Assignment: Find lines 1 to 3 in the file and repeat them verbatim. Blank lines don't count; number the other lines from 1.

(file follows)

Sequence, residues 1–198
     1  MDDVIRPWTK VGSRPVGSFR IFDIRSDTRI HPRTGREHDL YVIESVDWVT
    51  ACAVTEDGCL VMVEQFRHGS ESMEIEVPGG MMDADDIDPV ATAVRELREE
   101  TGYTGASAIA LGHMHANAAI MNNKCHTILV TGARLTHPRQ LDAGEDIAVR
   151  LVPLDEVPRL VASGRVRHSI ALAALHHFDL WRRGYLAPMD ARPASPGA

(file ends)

Sequence, residues 1–198
     1  MDDVIRPWTK VGSRPVGSFR IFDIRSDTRI HPRTGREHDL YVIESVDWVT
    51  ACAVTEDGCL VMVEQFRHGS ESMEIEVPGG MMDADDIDPV ATAVRELREE